Cafes, restaurants to benefit as Mother's Day spending tipped to grow
With Mother's Day around the corner, business information analysts at IBISWorld reveal Australians are expected to spend over $1.4 billion indulging their mums this year – an increase of 2.9 per cent on 2013 – with cafes and restaurants set to be among the big winners.
Robust consumer sentiment, healthy disposable incomes and low unemployment are expected to contribute to increased spending on Mum this year, according to IBISWorld Australia General Manager Dan Ruthven.
IBISWorld anticipates that Australians will spend an average of $61.31 on Mum in the lead-up to 11 May, up from $60.47 in 2013 and more than twice the average spent on Dad in anticipation of Father's Day.
"There are many reasons why spending on mothers is higher than spending on fathers, including the perceived lack of gift options available for Dad. Whereas food, alcohol, sporting goods and the stalwart hankie and sock gift pack are seen as the presents of choice for Dad, Mum enjoys a far broader selection from bouquets to bottles of champagne, perfume and spa treatments," said Ruthven.
Ruthven tipped cafes and restaurants to be the main beneficiaries of Mother's Day in 2014, with $310.8 million expected to be pumped into the industry as a result of taking Mum out for brunch, lunch or dinner. However, homewares and electrical goods are likely to grow the most - increasing by 4.7 per cent from 2013 to top $56.0 million.
Cafes and restaurants
Taking mum out for brunch, lunch or dinner will remain a highly popular show of love this Mother's Day, with spending forecast to increase 4.3 per cent on last year.
"Eating out is easy to organise, relaxing for the entire family and can offer great value for money. Dining complements giving well and therefore it is often organised in addition to a present. Celebrity cooking programs will also contribute to attempts at cooking delicious meals in the home kitchen," Ruthven said.
Chocolate and confectionery retailers
Chocolate and confectionery are keystone gifts of many special occasions. Spending is expected to increase by a healthy 3.5 per cent this year to reach $45.2 million, with dark chocolate, fair trade and organic brands growing most rapidly.
"Alongside ethical options, premium lines in the confectionery segment will benefit from refined tastes, the desire to treat Mum and the premiumisation of Australian palates," said Ruthven.
Homewares and electrical goods retailers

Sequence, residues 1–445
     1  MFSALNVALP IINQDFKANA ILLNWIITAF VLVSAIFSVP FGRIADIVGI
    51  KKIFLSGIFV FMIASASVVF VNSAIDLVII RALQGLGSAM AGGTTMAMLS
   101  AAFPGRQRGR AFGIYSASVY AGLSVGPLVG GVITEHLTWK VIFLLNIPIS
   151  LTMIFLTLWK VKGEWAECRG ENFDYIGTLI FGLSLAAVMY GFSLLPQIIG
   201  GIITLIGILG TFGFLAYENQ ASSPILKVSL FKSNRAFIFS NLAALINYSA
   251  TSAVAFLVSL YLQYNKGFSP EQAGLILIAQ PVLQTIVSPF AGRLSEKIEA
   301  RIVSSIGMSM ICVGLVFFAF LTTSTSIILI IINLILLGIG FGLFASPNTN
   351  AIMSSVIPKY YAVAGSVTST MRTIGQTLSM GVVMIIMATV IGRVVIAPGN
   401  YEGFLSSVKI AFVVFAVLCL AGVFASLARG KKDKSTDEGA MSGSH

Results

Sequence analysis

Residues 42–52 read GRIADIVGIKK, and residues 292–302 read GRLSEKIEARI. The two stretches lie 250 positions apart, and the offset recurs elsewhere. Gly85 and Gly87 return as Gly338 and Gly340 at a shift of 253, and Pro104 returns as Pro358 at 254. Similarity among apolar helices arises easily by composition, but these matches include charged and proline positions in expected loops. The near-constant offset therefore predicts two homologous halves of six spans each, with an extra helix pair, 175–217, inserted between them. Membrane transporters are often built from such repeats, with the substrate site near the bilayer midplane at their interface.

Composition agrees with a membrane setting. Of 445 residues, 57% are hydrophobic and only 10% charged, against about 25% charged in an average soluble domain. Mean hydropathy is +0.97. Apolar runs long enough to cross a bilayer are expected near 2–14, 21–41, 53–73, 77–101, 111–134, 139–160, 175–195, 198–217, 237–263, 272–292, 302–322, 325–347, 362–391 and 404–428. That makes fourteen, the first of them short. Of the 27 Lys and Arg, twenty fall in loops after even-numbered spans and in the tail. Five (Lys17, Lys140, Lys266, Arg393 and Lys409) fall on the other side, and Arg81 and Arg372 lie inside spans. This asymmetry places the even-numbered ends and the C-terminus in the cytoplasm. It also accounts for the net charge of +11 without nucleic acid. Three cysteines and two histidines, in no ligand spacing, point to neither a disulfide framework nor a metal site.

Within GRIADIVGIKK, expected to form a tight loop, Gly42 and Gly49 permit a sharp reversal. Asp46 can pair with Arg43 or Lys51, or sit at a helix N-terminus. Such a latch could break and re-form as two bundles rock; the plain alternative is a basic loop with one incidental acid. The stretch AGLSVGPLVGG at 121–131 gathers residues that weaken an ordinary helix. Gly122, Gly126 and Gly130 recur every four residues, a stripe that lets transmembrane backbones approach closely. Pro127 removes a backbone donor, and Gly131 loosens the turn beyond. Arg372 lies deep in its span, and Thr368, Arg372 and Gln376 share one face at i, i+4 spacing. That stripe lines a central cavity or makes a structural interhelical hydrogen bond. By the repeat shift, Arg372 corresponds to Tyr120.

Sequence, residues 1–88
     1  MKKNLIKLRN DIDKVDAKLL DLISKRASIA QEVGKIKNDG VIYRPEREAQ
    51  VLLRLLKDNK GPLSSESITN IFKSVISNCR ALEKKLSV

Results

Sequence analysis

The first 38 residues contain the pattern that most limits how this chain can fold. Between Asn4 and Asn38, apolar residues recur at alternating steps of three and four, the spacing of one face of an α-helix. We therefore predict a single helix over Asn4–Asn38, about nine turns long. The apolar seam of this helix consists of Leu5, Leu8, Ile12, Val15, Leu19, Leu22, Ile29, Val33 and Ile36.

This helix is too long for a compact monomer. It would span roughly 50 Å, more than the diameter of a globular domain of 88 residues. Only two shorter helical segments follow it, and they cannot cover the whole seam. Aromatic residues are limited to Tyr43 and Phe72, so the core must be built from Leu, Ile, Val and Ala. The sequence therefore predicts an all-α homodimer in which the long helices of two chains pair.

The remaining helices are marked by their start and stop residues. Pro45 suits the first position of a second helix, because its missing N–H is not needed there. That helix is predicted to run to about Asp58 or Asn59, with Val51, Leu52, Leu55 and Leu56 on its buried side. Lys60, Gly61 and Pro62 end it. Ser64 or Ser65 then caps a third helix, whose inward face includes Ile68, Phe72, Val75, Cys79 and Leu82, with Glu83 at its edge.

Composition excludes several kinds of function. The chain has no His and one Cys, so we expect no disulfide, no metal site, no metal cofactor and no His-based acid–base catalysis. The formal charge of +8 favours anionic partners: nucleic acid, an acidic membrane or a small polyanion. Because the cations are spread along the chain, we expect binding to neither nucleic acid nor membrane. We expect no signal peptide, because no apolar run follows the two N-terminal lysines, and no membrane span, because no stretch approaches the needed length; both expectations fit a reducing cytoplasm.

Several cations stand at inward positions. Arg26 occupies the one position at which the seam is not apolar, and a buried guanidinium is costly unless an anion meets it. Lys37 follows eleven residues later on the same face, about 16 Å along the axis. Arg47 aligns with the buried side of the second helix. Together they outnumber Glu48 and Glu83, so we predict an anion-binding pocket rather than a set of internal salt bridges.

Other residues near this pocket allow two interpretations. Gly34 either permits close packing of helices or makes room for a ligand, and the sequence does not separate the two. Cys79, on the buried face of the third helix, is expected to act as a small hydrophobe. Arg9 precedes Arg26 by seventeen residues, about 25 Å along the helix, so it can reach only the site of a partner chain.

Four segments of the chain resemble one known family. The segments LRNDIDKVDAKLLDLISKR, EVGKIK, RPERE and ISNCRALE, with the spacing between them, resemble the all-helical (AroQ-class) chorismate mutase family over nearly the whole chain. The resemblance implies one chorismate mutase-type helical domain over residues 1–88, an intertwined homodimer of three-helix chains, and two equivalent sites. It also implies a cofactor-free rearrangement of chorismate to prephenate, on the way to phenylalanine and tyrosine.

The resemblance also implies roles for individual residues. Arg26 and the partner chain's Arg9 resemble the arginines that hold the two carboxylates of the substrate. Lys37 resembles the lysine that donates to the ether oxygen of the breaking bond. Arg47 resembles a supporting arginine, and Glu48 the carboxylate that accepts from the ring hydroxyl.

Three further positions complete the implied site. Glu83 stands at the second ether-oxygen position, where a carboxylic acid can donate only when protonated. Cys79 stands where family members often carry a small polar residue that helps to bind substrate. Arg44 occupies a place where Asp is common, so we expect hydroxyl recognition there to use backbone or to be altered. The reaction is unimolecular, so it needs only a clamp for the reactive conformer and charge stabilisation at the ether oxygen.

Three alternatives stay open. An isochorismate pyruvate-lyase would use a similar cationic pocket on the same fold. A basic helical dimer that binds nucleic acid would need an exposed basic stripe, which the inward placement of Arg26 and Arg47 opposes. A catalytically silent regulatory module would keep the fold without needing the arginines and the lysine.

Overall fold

Kitchen appliances, throws, vases and serving platters are expected to make an appearance on the gift table, in an industry tipped to perform best this year.
"Mums typically love making a house a home. As a result, many children are willing to risk perceived impersonal gifts and opt for something functional, especially as Mum pursues her goals as the homemaker and career woman," said Ruthven.
Florists and nurseries
IBISWorld expects Australians to spend almost $200.0 million on bouquets, blooms and other greenery on Mother's Day - an increase of 3.0 per cent on last year.
"Another loyal centrepiece, luxury bouquets will bring joy and brighten Mum's day. There will likely be an increase in purchases of fine floral arrangements as opposed to a traditional bunch of chrysanthemums," said Ruthven.
Gift voucher and card sellers
While gift vouchers and cards are expected to remain the third-biggest Mother's Day spending category, IBISWorld anticipates spending on these gifts to increase by 2.2 per cent in 2014, recovering from a downturn last year.
"Gift vouchers are a safe and easy option, especially for those struggling for ideas or time. However, growth in spending on vouchers is limited by the need to demonstrate greater thought – something found more commonly in physical presents or personalised gift experiences," said Ruthven.
Cosmetics, perfume and toiletries retailers
Department stores, chemists and online sellers are anticipated to benefit from spending on cosmetics, perfume and toiletries this Mother's Day, with doting children tipped to spend over $136.1 million restocking the shelves of Mum's beauty cabinet – an increase of 3.2 per cent on last year.
"A bottle of Mum's favourite fragrance is seen as a safe option by many generous sons and daughters. An increasing range of new cosmetics, however, has stimulated demand in the segment. This is commensurate with products geared towards the baby boomer cohort who are increasingly concerned with the ageing process," said Ruthven.
Beauty parlours and spas
"Pampering options such as day spa retreats, massages or facials are continuing to grow in popularity as Australians seek value-added gifts that can be purchased online at the last minute," Ruthven said.
IBISWorld expects $126.3 million will be spent on pampering options in 2014, an increase of 2.2 per cent on last year.
Most mums love baubles, bells and a little bling. IBISWorld anticipates spending on jewellery to increase by 3.5 per cent this year to $125.9 million, with earrings, fashion necklaces and sterling silver expected to be the most popular.
Clothing and accessory retailers
IBISWorld expects department stores, shoe shops and accessory retailers to benefit the most from Mother's Day spending on fashion, which is forecast to total $107.7 million this year. Luxurious scarves, winter gloves and premium small leather goods are likely to be popular gift choices.
Greeting card retailers
"The majority of families buy cards for their mothers. Consequently, the low value and consistent demand for this staple prevent purchases of cards from having a significant effect on overall spending on Mother's Day - although e-cards are making in-roads in this traditional category," Ruthven said.
In 2014, greeting card spending is expected to grow by a modest 0.4 per cent to $58.7 million.
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